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RE: Re (2): Move and Delete (was: bind draft issues)

From: Clemm, Geoff <gclemm@rational.com>
Date: Mon, 10 Mar 2003 09:09:03 -0500
Message-ID: <E4F2D33B98DF7E4880884B9F0E6FDEE2021C5F86@SUS-MA1IT01>
To: w3c-dist-auth@w3.org

   From: Edgar@EdgarSchwarz.de [mailto:Edgar@EdgarSchwarz.de]

   I don't have time to follow the discussion in detail at the moment
   but this post provokes a comment.

   "Clemm, Geoff" <gclemm@rational.com> wrote:
   >    From: Brian Korver [mailto:briank@xythos.com]
   > 
   >    Other than loops, what are the problems unique to multiple
   >    bindings and partial MOVE?
   > 
   > One example was posted in the message below:
   > 
   >    From:	Clemm, Geoff [gclemm@Rational.Com]
   >    Sent:	Monday, March 03, 2003 6:34 PM
   >    Subject:	RE: Move and Delete (was: bind draft issues)
   > 
   >    ...
   >    because it can cause a DELETE in one collection to cause a change
   >    in another collection, and this kind of "deletion side effect"
   >    was something we explicitly were trying to avoid.  For example,
   >    suppose /henry/has-friend/jeff and /jim/has-friend/jeff
   >    were bindings to the same collection, JEFF, and JEFF has a binding
   >    named "wife" to a resource, MARI.  Now suppose henry gets mad
   >    at jeff, and issues a "DELETE /henry/has-friend/jeff" request.
   >    But suppose at that moment someone else has a Depth:0 lock
   >    on the /henry/has-friend collection.  The result of a "best effort"
   >    deletion is the removal of the "wife" binding from JEFF.  That
   >    may be OK if you were just updating the information accessible
   >    from /henry (he isn't JEFF's friend anymore, and he's happy to
   >    purge as much information about JEFF as he can), but with multiple
   >    bindings, "best effort" deletion has now trashed the JEFF object
   >    in all the other contexts in which it is still visible (and the
   >    folks that still are his friends are still interested in that
   >    information).
   > 
   >    So we're not saying that "best effort deletion" is always a bad
thing,
   >    but we are saying that "best effort deletion" is a bad thing when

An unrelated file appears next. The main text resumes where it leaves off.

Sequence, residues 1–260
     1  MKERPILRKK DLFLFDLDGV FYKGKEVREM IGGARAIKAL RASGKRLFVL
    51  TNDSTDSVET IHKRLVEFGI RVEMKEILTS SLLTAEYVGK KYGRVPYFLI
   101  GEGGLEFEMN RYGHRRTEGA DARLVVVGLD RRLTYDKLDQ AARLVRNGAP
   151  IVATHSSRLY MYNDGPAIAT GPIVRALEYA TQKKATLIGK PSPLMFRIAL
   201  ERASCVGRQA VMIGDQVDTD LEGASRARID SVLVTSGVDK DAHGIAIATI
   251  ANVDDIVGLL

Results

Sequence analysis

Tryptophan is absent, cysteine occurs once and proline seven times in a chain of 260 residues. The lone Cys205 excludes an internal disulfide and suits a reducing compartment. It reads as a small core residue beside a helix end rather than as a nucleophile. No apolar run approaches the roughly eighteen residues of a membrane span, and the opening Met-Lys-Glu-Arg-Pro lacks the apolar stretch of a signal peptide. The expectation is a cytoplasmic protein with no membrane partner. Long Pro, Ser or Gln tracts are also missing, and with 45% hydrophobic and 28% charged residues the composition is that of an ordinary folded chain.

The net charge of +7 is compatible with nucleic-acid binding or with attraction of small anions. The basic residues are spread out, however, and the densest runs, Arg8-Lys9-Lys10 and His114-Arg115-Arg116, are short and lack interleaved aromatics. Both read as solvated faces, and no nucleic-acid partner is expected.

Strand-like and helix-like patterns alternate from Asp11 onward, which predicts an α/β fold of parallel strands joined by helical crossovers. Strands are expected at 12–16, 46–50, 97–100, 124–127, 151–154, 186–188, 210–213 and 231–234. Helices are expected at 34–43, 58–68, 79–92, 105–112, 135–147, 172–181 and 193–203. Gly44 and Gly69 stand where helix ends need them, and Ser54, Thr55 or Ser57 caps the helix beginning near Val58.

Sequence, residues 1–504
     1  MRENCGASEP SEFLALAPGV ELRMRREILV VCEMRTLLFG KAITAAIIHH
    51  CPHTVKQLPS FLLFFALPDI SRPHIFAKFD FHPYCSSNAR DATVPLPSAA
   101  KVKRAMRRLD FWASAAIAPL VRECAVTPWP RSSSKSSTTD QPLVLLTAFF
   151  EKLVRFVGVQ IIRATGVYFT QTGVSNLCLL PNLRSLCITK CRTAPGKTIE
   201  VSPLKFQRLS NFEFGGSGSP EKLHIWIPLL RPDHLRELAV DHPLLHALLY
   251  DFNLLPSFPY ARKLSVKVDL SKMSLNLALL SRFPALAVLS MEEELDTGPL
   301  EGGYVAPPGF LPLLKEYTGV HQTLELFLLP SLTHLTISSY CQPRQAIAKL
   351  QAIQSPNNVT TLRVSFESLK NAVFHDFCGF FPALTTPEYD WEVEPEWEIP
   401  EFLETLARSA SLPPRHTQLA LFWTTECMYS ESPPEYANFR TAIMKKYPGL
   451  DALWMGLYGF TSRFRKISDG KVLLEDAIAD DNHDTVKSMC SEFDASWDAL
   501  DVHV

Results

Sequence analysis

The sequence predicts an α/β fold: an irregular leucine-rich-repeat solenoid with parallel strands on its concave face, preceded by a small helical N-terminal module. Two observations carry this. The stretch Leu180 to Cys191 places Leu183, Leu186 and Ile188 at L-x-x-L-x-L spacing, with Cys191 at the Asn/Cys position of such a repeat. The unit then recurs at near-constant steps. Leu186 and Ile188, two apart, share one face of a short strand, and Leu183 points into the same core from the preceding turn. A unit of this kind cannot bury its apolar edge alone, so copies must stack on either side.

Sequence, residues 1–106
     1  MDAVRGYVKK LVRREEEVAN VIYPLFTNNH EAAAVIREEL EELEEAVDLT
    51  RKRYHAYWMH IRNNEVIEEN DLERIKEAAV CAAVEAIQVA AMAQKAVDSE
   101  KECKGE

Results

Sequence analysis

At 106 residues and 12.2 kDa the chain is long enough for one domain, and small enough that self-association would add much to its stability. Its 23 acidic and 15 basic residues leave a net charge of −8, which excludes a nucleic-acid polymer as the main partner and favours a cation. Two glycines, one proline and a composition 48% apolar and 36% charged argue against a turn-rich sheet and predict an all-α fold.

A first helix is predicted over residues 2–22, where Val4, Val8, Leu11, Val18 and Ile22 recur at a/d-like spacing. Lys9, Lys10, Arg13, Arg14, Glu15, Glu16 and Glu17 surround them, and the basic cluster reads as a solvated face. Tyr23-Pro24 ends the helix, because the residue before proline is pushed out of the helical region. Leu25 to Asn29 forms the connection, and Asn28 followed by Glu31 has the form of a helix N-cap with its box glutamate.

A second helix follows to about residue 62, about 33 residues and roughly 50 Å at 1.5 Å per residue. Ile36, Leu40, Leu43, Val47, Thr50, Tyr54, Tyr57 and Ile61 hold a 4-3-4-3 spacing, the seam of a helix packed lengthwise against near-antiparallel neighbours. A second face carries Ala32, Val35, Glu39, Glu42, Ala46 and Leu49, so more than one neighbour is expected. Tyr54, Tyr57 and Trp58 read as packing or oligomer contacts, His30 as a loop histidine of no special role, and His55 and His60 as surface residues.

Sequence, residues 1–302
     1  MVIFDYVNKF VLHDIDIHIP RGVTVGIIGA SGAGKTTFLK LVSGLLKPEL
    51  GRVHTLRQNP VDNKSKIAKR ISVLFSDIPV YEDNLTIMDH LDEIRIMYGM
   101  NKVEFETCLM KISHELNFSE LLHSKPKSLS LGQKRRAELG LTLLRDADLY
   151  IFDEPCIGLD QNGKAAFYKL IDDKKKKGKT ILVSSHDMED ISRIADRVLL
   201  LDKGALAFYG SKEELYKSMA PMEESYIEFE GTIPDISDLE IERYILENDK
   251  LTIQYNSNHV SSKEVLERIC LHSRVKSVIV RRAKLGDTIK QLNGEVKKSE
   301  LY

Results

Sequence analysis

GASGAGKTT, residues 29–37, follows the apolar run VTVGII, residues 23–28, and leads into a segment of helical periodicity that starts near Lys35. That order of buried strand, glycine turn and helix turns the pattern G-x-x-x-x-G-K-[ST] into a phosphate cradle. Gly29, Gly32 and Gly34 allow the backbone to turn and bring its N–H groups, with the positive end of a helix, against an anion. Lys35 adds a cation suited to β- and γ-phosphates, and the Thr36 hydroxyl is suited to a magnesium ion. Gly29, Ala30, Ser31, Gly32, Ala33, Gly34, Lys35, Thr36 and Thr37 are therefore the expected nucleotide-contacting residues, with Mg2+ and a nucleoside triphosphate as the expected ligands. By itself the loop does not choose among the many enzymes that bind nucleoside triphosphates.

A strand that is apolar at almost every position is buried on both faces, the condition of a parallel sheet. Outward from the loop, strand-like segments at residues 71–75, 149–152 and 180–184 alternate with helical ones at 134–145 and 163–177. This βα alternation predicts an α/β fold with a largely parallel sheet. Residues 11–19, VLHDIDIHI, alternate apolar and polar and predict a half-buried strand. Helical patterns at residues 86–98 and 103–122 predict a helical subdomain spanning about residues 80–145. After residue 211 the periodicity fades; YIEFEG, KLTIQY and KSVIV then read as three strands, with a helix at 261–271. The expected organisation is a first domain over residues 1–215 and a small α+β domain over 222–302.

>    you care about multiple bindings to the same resource.

   Geoff, I don't think your scenario is valid for our discussion.  If
   no lock had existed then all information would have been deleted.
   So for the folks that still are his friends JEFF/* would be
   "completely" trashed.

Not if DELETE were implemented as UNBIND.  The only thing the DELETE
would do would remove the binding named "jeff" from "/henry/has-friend".
All of the bindings in JEFF would remain untouched.  Since there are
still other bindings to JEFF, JEFF would not be garbage-collected,
and all of its bindings remain intact for use by those other bindings.

   Would have this have been a better or worse situation for them ?
   IMHO this usecase doesn't say anything about the "badness" of
   "best effort deletion".

"Best Effort" (probably better characterized as "worst effort" :-)
deletion, goes down trashing all the bindings in the collection
being deleted.  Whereas "unbind" deletion only affects the single
binding identified in the DELETE request, and leaves the others
untouched (although they could subsequently be garbage collected
if that was the last binding to those resources).

   Either jeff gives jim and henry the rights to delete JEFF/* even if
   it's shared, or he doesn't allow it. It's jeffs decision.

A client shouldn't have to count on locks and access control to
prevent it from trashing information by mistake that it didn't
intend to trash.

Note that as has been pointed out, if there is at most one binding
to every resource in the collection being deleted, it is fine to
trash all the bindings, because that is what the garbage collector
would have done anyway.

So we should revise the binding protocol to say that, i.e. that DELETE
should be UNBIND if their is a second binding to any resource in
the collection being deleted.

Cheers,
Geoff
Received on Monday, 10 March 2003 09:09:15 GMT

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